Monthly Archives: April 2011

RL Grime

There are traces of post dubstep in this artist here. This dude is a BIG James Blake fan.

Citing the likes of James Blake, RL Grime, the creation of Henry Steinway, recently released the EP Clipz recently. Having already a number of different projects under his belt (most namely being his electro/house moniker Clockwork), looks like this 20 year old wonder is ready to take another direction with his music. When talking about his new change, Steinway stated that “I think when I first started getting into James Blake, the way I was looking at and approaching music started to change.”

His EP “Clipz” is available as a free download and below you can hear a few songs from it, including a remixed version of Rebecca Black’s “Friday” which sounds moderately decent (!!!!).

RL Grime – “Die 4 Me”
RL Grime – “Neat”
RL Grime – “Go Head”
Rebecca Black – “Friday” (RL Grime’s Which Seat Can I Take Remix Ft. LS Royale)

The Music of Parenthood, Part I

Here it is, people.

As I prepare to enter into all this AP Test Prepping and Financial Aid Stressing and the general sketchiness that is my life in May, I’d like to pay tribute to a show that unceremoniously closed out its second season in April with great writing, great music and a great setup for season three to make way for The Voice, NBC’s surprisingly wonderful new reality show. I am, of course, speaking of the best show on network television, the miracle that is: Parenthood.

As a future screenwriting major at the University of Southern California, I could go on for days about how technically good this show is, how spectacular the writing (and directorial style, and acting, and everything else) is. However, let’s just suffice it to say that in my professional opinion, you should be watching. I promise you’ll relate to at least one thing.

Today, however, I’d like to put that aside, and focus on the majesty that is Liza Richardson’s music supervision for the show (she chooses the songs for each moment in each episode, along with showrunner/executive producer/all-around God Jason Katims, Friday Night Lights).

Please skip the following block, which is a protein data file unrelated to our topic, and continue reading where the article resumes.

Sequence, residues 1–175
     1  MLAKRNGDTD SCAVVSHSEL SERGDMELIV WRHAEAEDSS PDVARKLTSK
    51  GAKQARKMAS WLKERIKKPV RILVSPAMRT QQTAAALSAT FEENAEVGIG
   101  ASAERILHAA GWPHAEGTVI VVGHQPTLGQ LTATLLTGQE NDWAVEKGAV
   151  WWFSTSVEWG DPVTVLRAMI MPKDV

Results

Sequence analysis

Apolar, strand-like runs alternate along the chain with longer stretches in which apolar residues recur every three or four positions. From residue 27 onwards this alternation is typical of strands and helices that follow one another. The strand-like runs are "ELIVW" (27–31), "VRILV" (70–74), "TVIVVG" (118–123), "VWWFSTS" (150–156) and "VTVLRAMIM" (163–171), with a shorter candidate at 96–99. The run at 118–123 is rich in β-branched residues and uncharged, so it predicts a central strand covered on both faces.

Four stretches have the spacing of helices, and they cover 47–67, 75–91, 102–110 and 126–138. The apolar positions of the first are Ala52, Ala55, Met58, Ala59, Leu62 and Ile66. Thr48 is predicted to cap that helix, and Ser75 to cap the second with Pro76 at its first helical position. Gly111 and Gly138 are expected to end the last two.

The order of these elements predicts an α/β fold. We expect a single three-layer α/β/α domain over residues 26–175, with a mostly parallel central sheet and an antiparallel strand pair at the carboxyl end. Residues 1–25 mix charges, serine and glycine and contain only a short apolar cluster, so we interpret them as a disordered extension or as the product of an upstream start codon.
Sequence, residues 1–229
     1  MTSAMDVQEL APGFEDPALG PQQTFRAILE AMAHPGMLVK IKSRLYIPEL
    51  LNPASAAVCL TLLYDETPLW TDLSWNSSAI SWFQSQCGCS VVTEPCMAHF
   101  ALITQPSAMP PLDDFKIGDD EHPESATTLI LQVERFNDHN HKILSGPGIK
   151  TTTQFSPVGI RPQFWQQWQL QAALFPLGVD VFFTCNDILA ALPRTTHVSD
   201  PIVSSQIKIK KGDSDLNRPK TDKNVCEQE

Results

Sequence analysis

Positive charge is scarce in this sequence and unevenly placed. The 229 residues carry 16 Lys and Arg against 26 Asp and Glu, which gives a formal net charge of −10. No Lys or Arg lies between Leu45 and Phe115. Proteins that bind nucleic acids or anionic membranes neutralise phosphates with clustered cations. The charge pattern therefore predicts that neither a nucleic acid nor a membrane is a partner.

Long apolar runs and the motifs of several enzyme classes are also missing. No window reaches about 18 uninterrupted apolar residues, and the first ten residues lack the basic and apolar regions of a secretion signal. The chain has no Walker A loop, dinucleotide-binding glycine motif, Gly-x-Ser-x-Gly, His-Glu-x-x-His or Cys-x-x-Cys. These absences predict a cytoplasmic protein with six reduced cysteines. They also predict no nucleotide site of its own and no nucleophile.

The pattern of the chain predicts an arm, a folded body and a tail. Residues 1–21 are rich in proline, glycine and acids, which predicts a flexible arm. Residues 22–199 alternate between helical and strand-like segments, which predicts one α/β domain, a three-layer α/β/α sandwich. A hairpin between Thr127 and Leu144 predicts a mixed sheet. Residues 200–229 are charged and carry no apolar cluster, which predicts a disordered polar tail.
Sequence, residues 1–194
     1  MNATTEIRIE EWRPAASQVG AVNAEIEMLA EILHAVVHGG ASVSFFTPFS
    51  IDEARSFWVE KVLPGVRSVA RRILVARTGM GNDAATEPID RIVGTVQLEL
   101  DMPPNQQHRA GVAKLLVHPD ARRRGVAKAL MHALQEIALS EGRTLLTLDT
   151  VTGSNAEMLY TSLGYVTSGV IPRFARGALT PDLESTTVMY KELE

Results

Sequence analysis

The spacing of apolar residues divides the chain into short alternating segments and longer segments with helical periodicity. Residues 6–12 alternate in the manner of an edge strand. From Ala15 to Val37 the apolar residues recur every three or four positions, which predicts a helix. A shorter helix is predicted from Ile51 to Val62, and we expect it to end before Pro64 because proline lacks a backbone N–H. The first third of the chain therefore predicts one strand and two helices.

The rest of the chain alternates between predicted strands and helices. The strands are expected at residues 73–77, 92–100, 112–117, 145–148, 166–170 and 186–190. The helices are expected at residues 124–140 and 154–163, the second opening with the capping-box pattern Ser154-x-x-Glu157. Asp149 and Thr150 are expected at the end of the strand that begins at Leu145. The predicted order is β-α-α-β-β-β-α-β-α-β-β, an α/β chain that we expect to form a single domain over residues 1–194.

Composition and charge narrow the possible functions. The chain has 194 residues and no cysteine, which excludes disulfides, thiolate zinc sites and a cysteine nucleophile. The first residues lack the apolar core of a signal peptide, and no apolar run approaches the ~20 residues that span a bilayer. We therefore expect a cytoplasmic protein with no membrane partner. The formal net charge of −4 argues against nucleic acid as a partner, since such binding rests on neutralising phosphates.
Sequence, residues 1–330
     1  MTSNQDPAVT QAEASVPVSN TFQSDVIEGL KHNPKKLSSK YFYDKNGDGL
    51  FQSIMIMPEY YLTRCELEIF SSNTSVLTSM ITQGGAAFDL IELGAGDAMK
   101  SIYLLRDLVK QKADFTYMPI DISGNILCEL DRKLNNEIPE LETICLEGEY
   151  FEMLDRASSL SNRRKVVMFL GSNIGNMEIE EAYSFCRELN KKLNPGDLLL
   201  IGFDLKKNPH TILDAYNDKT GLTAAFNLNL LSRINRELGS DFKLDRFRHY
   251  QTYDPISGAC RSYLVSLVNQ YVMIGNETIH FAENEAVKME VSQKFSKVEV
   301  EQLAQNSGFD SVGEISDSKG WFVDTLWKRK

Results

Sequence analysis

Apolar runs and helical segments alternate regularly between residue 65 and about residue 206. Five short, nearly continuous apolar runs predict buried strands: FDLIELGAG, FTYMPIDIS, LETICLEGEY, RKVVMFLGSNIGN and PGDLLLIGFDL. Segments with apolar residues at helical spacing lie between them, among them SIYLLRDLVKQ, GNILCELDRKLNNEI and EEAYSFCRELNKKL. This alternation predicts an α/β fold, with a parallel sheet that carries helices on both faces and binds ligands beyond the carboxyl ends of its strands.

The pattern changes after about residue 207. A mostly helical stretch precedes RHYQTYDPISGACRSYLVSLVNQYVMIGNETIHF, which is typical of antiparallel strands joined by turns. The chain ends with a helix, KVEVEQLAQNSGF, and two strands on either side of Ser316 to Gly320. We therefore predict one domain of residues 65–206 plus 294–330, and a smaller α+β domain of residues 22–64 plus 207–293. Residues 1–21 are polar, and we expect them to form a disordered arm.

The theme song is undoubtedly classic, and absolutely perfect for the show–Bob Dylan’s full band version of “Forever Young”:

The first season’s soundtrack is available on iTunes, which is a definite recommend–one of the best albums of the year in my mind; its cohesive flow reminds me of…actual albums of the days of yore.

I’ll pick out some of my favorite musical moments here, as the whole soundtrack is much too awesome and deep to cover in one post (much less twenty).

Season 1, Episode 1: Pilot
written by Jason Katims
directed by Thomas Schlamme

The last scene before the teaser ends (or where we SMASH CUT TO: MAIN TITLES) is usually one of the better scenes in the episode, and the Parenthood Pilot is no exception to this rule. Adam and Crosby, two of the main siblings, coach Adam’s soon-to-be-diagnosed-with-Asperger’s son Max’s baseball team. Crosby remarks how the kid on the mound doesn’t look eight, and was probably “imported from the Dominican”, in one of the better lines in the episode. Max gets ostracized by his teammates because he, admittedly, ain’t that good, and tells his dad he isn’t having fun. Adam gives the kid a pep talk, and tells him “a walk’s as good as a hit”, a scene certainly reminiscent of my youth. Max makes contact on a weak grounder to the mound and gets down the line. He’s obviously safe, but the umpire calls him out. Tired of seeing his kid lose every break, he steps out of the third-base coaching box and, in a touching moment, GOES FUCKING NUTS to the ump (in the words of the original pilot script). We circle Adam and the ump–as Bob Dylan’s “Forever Young” kicks in–while Adam kicks the dirt on the mound and gets thrown out of the game.  Dad stood up for his kid. Gotta do whatcha gotta do.

“Forever Young” — Bob Dylan (iTunes)

Season 1, Episode 9: Perchance To Dream
written by Becky Hartman-Edwards
directed by Lawrence Trilling

This series is great for so many reasons, and this is one of them. The episode opens with a scene at the local high school, where Drew nervously discusses the upcoming dance with a cute girl he likes. The song they play? “Hell”. Perfect for the high school experience, am I right?

Even better, the lyrics foreshadow Drew’s rejection in Act III: “I know you feel it too / it all seems so untrue / when we get up and over it and over them”

Tegan & Sara – Hell

Season 1, Episode 13: Lost and Found
written by Jason Katims
directed by Lawrence Trilling